Rains and romance always make for a perfect combination! This monsoon, bask in the magic of love with the heartwarming tale of Shamsher Singh Rajput and Saaya in Author Zoe M’s debut novel, Call me Saaya.
Zoe M lives and works in Mumbai.
She fell in love with the written word at the age of sixteen. Her affair has only matured over the years as she read stories that captivated her. Now, she uses the magic of words to help her spin her own stories. Her love of reading was born when she read The Fountainhead by Ayn Rand.
Call Me Saaya is Zoe M’s debut novel. It is a romantic tour de force that weaves in and out of metros and a forgotten, quaint village in Rajasthan, revealing stories as it goes. The novel reflects the author’s love for the unexpected and is as engaging as she is.
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Excerpt from Chapter One
3:40 p.m. Somewhere in the middle of Rajasthan, India
“Waaaaaaaaaaaaaaaahhhh!” screamed an infant gustily, close by.
This is close, very close, like ON me! What’s this squishy, wet thing in my hands! Ugh!
Shamsher woke with a start, slathered with his own sweat, his mouth hanging open. What the…! He looked around wildly, utterly disoriented. He seemed to be in the middle of an impossible nightmare.
“Waaaaaaaaahhhhhhhhhhhhh!” screamed the baby, peeved at being paid no attention to. For added effect he pulled its saliva laden fist out of its mouth and tried to pull Shamsher’s nose off. A fairly good try it was too. Eyes watering in pain, Shamsher looked down at the source of this assault. It stared up at him, and let out another wail, “WWWWWWaahhbbbbuuuuuuuu!” It was mighty displeased; it would have you know!
There was an infant- no, a sodden, leaky infant- plonked in Shamsher’s lap. Already, he could feel the tot’s wetness seep through his trousers and trickle down between his thighs. He had no idea how he came to be in possession of the soggy, squelchy thing. The infant neither knew nor gave a damn either way. With a horrified jerk, Shamsher held the voluble, sodden little human aloft, away from him. Not that it did him any good.
The deed was already done. The woman next to him in the seat seemed to be rummaging busily in the innards of a bag like contraption. Having pulled out some clothes, she straightened up and found her baby-holder possessed of life. She took it in her stride. Minor details like those don’t affect tough women. With a glare and a jerk, she snatched her darling out of his arms as if he was trying to steal the thing! Cooing to it lovingly, she proceeded to change him with a deftness that might have been fascinating in other circumstances. She casually draped the discarded wet clothes on his knee for all the world as if he were a handy hook.
“Hey!” bellowed Shamsher, outraged. Her stoic defiance left him speechless. How had he come to be sitting here anyway, Shamsher asked himself. His gaze fell on the view outside the window and it all came back to him. He was on his way to Jhalra-Patan! He had boarded this rickety contraption,expansively called Masti Travels from Bhawani Mandi. That’s when his nightmare had begun.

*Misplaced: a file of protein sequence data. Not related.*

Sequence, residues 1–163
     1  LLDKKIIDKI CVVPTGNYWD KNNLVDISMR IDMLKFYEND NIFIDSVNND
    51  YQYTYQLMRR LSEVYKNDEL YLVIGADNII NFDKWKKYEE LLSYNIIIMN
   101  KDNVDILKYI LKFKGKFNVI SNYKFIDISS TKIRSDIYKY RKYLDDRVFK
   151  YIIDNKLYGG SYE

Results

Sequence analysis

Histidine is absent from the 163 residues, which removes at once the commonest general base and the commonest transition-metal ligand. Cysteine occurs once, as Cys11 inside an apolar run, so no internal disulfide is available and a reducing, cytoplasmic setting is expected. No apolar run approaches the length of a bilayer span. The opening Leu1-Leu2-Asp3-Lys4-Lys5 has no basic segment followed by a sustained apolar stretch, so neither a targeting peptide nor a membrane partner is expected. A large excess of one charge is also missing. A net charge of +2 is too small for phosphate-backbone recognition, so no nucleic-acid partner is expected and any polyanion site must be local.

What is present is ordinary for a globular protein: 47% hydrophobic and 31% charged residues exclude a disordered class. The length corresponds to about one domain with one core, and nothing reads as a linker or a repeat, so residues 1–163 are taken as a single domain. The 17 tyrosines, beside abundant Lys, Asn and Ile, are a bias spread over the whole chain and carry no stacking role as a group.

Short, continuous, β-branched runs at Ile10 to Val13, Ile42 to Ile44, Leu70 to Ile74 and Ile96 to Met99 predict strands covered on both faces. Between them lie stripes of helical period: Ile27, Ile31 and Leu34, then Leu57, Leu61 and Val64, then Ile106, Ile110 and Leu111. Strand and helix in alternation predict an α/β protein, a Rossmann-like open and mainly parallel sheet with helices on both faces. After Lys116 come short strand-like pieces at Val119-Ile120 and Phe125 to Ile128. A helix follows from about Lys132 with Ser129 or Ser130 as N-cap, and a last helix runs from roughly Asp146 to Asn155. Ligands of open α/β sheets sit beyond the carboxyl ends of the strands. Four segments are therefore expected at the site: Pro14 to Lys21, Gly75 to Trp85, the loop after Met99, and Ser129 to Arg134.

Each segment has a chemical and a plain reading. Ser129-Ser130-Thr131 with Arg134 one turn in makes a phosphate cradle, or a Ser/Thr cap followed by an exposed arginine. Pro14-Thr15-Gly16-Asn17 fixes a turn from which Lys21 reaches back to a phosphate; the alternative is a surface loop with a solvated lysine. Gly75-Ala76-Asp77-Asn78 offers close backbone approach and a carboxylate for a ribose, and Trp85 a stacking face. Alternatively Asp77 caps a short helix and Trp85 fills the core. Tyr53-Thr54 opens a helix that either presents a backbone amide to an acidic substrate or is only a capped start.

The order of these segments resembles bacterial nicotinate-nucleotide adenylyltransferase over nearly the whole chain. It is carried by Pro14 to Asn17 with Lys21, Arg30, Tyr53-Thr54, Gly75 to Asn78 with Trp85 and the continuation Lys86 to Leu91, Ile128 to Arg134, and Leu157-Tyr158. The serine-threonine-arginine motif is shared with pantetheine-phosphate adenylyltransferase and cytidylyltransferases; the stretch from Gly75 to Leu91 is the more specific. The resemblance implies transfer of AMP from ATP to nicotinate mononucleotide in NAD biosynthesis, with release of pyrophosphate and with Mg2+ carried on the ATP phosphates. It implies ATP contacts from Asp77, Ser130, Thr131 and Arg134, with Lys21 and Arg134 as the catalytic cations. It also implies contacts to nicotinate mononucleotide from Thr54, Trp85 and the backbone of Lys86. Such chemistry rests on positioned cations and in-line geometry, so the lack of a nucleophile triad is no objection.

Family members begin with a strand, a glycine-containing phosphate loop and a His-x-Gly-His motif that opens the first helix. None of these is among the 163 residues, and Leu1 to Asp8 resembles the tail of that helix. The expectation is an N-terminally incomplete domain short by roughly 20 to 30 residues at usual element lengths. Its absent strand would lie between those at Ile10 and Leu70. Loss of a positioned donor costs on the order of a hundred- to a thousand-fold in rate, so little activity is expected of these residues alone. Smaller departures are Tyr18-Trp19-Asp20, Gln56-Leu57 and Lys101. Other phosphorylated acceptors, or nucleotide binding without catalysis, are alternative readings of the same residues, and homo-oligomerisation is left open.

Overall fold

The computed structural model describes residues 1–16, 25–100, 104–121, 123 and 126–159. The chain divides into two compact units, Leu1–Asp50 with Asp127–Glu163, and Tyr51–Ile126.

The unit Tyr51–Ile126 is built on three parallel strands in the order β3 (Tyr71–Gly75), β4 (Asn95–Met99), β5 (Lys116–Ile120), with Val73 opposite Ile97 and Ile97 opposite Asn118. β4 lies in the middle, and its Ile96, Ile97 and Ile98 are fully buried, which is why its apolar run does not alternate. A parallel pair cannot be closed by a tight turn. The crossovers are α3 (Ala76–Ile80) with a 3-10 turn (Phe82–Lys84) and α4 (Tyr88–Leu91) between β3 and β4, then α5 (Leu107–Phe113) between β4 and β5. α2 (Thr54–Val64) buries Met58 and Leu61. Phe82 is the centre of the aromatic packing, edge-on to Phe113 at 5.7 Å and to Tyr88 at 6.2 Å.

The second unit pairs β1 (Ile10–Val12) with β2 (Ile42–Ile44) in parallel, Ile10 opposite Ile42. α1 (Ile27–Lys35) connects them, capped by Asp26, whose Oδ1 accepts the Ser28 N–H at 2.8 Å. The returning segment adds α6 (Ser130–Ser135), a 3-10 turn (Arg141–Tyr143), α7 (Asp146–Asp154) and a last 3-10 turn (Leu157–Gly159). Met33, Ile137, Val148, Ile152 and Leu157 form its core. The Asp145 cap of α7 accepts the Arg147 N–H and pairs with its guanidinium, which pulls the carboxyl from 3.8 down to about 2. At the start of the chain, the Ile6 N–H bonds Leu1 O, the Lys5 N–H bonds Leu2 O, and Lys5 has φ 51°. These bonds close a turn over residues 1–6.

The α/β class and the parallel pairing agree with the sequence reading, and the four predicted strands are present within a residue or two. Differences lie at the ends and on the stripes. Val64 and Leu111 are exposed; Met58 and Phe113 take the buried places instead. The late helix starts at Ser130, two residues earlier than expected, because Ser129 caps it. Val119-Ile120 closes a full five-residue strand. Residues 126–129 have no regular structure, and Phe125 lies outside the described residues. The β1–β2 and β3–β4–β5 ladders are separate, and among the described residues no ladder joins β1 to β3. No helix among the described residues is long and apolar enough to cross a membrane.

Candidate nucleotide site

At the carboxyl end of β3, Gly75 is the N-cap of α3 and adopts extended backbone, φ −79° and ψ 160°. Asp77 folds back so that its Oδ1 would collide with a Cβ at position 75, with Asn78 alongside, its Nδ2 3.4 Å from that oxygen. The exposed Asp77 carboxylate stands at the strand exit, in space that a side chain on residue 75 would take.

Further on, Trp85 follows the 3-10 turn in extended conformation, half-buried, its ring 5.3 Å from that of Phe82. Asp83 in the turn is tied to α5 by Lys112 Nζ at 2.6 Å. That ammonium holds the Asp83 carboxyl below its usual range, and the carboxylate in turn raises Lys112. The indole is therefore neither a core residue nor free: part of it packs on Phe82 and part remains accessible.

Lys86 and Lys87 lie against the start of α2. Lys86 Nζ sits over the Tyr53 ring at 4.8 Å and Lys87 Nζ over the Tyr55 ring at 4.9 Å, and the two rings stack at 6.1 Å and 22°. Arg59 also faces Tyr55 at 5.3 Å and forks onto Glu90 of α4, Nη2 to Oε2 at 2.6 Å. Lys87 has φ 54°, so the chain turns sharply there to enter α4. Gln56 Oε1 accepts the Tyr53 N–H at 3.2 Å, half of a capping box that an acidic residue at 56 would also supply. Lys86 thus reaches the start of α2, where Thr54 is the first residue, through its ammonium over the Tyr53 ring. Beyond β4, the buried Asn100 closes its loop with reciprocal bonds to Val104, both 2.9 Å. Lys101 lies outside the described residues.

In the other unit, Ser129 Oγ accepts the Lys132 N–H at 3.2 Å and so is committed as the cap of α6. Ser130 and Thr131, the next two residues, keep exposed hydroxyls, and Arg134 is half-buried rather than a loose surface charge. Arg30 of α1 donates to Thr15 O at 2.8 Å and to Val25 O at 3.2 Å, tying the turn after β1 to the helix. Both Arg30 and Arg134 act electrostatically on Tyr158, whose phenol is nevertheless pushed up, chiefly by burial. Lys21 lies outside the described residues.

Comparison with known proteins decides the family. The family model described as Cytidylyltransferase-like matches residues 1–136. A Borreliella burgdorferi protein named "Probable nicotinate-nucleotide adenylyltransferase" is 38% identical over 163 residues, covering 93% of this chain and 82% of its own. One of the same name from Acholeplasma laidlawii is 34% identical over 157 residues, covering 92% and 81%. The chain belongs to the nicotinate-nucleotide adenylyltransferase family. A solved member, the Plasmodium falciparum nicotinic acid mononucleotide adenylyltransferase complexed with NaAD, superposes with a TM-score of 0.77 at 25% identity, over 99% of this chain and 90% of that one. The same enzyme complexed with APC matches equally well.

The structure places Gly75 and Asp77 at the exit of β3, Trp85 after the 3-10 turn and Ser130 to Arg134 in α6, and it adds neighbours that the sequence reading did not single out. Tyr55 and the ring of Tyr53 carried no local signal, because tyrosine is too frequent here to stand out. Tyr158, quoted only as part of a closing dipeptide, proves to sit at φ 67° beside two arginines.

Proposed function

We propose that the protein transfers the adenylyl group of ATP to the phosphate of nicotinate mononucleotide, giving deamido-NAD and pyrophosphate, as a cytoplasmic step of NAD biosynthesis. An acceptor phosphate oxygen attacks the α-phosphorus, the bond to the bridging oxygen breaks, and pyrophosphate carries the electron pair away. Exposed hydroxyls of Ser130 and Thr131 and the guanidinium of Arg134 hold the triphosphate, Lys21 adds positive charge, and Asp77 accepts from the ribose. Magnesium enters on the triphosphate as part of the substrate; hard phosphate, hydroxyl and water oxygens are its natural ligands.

He was a photographer who preferred the mountains. What he saw outside the window, gripped him despite its baked, dusty heat of the kind he had never imagined, let alone endured. Nature in its rawest form had always captivated his senses like nothing else could. The scenery outside his window made him forget all the troubles he had taken to reach here, even the hunger pangs that threatened to get louder with every passing second. His happiness bubble burst the moment he noticed something else. The bus! The ancient, dilapidated bus was moving at a snail’s pace. All the other vehicles on the road overtook it. The bus was horridly over-crowded; people stuffed into it like sardines in a tin-can. Some were even crouched on top of the bus desperately holding on to the luggage rack for dear life, and getting cooked in the dry, hellish heat. If it moved any slower, he was sure, the bus would grind to a halt. As soon as the thought crossed his mind, the bus did grind to a halt. It had stopped because it had overheated, carrying an impossible number of passengers.
A concoction of the most revolting odours- puke, urine, sweat and food- assailed Shamsher making him feel sick to his stomach. He was getting increasingly hot, fidgety and irritable. He had already figured that the last leg of his journey was going to be a complete disaster. Nothing good could come of the kind of circumstances in which he found himself. His situation was unendurable! What was he thinking of when he boarded the Avadh Express from Bombay Central to Bhawani Mandi? Travelling by train was bad enough, but to travel by sleeper class? The muggy heat of Mumbai must have fried his brain, a part of him declared malevolently.
Two days ago, he was at Mumbai to finalize a deal with a company that marketed organically-grown agricultural produce in all the big supermarkets all over India. In his euphoric state after sealing the deal with them, he had let his excitement take over. Brimming with high spirits, he had bought a sleeper train ticket to travel to Bhawani Mandi from where he would take a bus to Jhalra-Patan, his mother’s village in Rajasthan. At thirty, Shamsher had seen, if not all, at least a great deal. A professional photographer, he had spent the last five years of his life globe-trotting. Never had he imagined that travelling could repulse him like it did today. Life is so unexpected. One moment he was living a dream and the next, his life seemed like a nightmare. He was trying hard to keep his emotions under control by taking deep breaths and trying to divert his mind to that one place he called home.
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